Learning from Kinshield Legacy

861 words.

Originally posted on my writing blog which was active from 2010 to 2018.

So in my continuing quest to read more modern epic fantasies, I started The Kinshield Legacy by K.C. May. I honestly don’t remember where or why I got it — it’s possible it was a free Kindle offer at some point. Actually it looks like it might be self-published since Peach Orchard Press isn’t exactly lighting up a Google search.

Here’s my question: How many pages should I give a book to grab my attention before I set it aside? I’ve read 69 Kindle pages, which is 19% of the book (it’s short). Thusfar it’s not grabbing my attention but maybe I’ll stick with it until the 25% mark. Okay that’s my new rule: From now on, I will give a book 100 pages or 25%, whichever comes first, to become awesome. At least, for authors I don’t already know.

So what works and what doesn’t work in Kinshield Legacy? The prose is clear and easy to read, which is a plus. I don’t much care for overly pretentious writing where I have to grab a dictionary every other paragraph. That’s not the kind of writing I want to produce.

What doesn’t work? Epic fantasy characters should not use the word “ain’t.” I gather it was supposed to convey that Gavin speaks like a commoner, but this particular word doesn’t work for me in the context of epic fantasy.

On the other hand, I liked the Farthan dialect shown in Chapter 6: “Oh, your head. You are injure.” “Bend down so I will reach you.” Conclusion: Changes to verb tense make a character sound like a foreigner, without going too far overboard.

In the first eight chapters of this book, a rather large number of characters are introduced, with I believe five different POVs (Gavin, Brodas, Daia, Brawna, and Risan). And these are fairly short chapters, so we actually don’t spend much time with each one of them. For me, it was hard to get a handle on them. Which leads me to this conclusion: It’s important to spend enough time with new characters as they are introduced so that the reader will recognize and remember them later.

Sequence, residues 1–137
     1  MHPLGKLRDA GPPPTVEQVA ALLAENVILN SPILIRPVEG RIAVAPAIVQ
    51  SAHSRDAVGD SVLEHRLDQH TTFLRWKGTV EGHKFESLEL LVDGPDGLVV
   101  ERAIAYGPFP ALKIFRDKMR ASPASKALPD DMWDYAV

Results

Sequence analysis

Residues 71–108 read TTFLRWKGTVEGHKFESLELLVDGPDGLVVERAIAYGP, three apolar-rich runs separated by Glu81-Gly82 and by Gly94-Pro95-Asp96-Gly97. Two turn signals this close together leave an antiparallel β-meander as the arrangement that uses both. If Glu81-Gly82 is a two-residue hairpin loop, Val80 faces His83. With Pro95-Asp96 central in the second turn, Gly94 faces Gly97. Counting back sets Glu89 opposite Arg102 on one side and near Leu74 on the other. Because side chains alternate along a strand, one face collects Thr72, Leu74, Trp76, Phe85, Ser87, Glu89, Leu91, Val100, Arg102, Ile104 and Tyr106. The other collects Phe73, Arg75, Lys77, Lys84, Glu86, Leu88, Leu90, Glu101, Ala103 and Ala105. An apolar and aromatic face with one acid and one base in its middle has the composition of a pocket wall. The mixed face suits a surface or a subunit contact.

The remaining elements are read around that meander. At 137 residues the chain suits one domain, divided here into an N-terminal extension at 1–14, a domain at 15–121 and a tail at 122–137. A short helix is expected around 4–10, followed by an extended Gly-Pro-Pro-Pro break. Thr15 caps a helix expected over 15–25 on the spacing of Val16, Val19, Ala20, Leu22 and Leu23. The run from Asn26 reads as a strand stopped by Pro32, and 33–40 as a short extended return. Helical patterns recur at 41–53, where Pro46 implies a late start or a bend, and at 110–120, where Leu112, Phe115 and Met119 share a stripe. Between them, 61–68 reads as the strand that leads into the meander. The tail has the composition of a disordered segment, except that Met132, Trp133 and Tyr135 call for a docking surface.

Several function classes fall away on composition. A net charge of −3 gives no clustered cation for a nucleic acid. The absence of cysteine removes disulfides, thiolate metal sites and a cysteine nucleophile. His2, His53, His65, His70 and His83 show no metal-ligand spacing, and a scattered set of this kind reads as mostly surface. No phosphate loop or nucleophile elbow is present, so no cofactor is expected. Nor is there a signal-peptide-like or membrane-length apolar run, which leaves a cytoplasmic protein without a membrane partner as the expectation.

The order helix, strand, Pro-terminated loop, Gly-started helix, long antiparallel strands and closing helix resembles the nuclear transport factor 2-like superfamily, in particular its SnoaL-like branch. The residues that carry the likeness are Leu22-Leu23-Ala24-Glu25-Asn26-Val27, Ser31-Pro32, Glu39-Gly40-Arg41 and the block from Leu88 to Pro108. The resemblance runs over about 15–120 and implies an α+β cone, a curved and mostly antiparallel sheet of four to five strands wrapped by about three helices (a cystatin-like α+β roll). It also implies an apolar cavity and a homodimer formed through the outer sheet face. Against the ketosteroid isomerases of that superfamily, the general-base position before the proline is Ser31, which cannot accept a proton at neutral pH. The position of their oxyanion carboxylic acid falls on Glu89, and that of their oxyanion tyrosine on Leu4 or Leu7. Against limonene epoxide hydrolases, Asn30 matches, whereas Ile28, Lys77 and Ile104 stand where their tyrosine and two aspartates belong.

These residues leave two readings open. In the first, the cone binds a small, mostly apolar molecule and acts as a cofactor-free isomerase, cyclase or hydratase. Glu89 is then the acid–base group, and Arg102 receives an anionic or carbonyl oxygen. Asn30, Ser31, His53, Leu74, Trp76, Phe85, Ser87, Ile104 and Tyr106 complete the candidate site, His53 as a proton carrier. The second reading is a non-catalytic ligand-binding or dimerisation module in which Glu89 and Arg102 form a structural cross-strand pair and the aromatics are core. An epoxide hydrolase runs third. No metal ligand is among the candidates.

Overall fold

On the subject of chapter length, I prefer somewhat shorter chapters, but I think these were a bit too short. At least for the amount of information that needed to be communicated. I strive for around 3000 words or so, which is kind of short, but Kinshield Legacy chapters felt closer to 1500 words. (I wish that was something the Kindle could show: Number of words in the book, and in each chapter.) (See update below.)

Now let’s talk about money. Every epic fantasy needs to have a system of coinage, and this is something I struggle with all the time. It’s hard to avoid going straight to the D&D brass/tin, copper, silver, electrum, gold, platinum model. You want some amount of realism, but I think coinage is one of the key things that distinguishes a fantasy world from the real world. Simply naming and describing a coin and the symbols on the front and back has the potential to provide a great deal of setting and history for a fantasy world. Kinshield uses the following coin denominations (so far): The pielar (copper), the kion (small silver), and the dyclen (large silver, equivalent to five kion). There was also something called a dycla, which I assumed was another word for the dyclen. Maybe the plural form. I puzzled these things out because it’s something I specifically look for, but I’m not sure a casual reader would have figured it out. So my takeaway point is this: Coinage should be dead simple, or clearly explained and reiterated often.

I generally write something simple like “copper coins” or “silver coins,” or even just “coins,” but I have never been happy with it. So I am definitely looking to steal somebody else’s ideas here. (John Brown used coins called “boxings” in Servant of a Dark God, and while I commend him for making up something new, it just doesn’t sound valuable to me. :) I can’t remember what Robert Jordan did offhand, but I recall it being fairly well done, with each kingdom having its own type of coins stamped with the face of the king or queen or whatnot, which is pretty realistic.)

At any rate, coinage in epic fantasy is a tricky subject. It’s one of those things that if you’re going to go into detail, you better get it right, otherwise you’re going to sound silly. (“Then he was paid 500 gold pieces for his flute… then he collapsed under the weight of it… then he was robbed because he couldn’t fit all those coins in his pants pocket… and oh yeah, medieval pants didn’t even have pockets, so he had to hold all 500 coins in his giant, five-feet-long hands… then he was depressed because of the outrageous inflation in the land, because if it costs 500 gold coins to buy a wooden flute, what must it cost to buy a horse?”)

UPDATE: I figured out that the first three chapters were 3038, 2094, and 1636 words respectively, for what it’s worth.

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